I was at a loss this week - too many balls in the air and I didn't have time to listen to all the new track submissions - I was starting to feel overwhelmed and anxious about the whole thing and before I knew it, balls were dropping making me feel even worse and suddenly I'm on this whole downward spiral... Sound familiar?
We know that grief can be like this - you're just not at the top of your game and things that you would normally handle with ease become hard. And it's easy to say you should give yourself time and not be so hard on yourself but it's so difficult in practice - the grief is bad enough without it having to impact every other part of your life.
It's at times like these that you need "go to" strategies - things you know work and that you can rely on - that you don't need to think about. In my "sad song curation" world - that means tracks like this!
Most people know New Radicals from their amazing track "You Only Get What You Give" - which is one of my all time favorite songs and had a huge influence on my life. I could get into the story behind the music and the genius that is Gregg Alexander but that's for another time and another playlist. The only album they released - Maybe You've Been Brainwashed Too - ends with this classic Torch Song.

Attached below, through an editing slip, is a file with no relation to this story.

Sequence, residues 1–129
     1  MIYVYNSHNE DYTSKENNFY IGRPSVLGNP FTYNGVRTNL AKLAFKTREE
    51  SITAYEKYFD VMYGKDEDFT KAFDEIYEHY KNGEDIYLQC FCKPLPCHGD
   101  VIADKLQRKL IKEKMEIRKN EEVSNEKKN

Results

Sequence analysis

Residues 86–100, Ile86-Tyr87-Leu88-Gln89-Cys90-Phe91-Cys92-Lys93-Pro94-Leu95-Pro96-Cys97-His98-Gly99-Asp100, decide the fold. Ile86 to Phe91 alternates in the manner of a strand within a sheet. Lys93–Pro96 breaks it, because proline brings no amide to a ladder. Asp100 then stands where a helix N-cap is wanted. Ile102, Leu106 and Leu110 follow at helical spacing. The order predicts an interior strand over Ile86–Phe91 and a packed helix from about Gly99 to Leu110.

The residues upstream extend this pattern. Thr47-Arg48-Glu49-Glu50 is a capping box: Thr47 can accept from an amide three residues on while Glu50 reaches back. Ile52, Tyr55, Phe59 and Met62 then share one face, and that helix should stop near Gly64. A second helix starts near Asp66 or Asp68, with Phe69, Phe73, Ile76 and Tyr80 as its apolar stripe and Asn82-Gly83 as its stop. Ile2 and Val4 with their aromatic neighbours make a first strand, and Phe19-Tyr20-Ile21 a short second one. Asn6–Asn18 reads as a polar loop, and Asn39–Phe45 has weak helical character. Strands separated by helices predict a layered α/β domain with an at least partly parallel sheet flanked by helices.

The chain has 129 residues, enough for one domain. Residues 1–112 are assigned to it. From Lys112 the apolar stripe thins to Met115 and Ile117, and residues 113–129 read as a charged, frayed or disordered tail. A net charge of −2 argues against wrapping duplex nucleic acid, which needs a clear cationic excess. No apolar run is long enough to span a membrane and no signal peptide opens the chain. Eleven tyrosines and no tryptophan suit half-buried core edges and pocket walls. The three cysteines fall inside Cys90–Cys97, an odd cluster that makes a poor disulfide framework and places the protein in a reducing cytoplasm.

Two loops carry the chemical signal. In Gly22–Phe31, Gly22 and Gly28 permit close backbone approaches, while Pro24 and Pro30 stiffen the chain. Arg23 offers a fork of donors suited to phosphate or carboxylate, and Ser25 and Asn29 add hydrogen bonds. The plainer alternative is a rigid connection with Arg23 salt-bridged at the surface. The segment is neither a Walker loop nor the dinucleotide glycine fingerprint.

We've had quite a few break up songs over the recent weeks - I still can't get Cathal's Let you Go - out of my head - but for a more traditional approach - all pianos and strings & brilliant lines like:
Now I don't like candles
Because they make me see the light
That I can't help failing
To remember to forget you
And I know it's gonna be a long time
this is one of my "go to" tracks.
So - if you find yourself emotionally drawn, empty with longing and regret, playing out images of the love that just left - pull up a chair - pour a glass - crank up the volume and join me in an unashamedly cathartic crying session - trust me - you'll feel better by the end.
You can learn more about New Radicals here:
About the Curator - Andrew McCluskey
The first visual memory I have is that of the white upright piano in Singapore, Hell and the dark forces lived at the bottom, Heaven and the Angels at the top. They would play battles through my fingers and I was hooked.
After my dad died I was very sad - I couldn't play for a while and when I did, the music that came out reflected my grieving state. I wrote an album of solo piano music called Music to Grieve to - from which the idea of the Music to community originated.
If you'd like to know more you should read Nicole's fabulous article on why listening to sad music can make you feel better.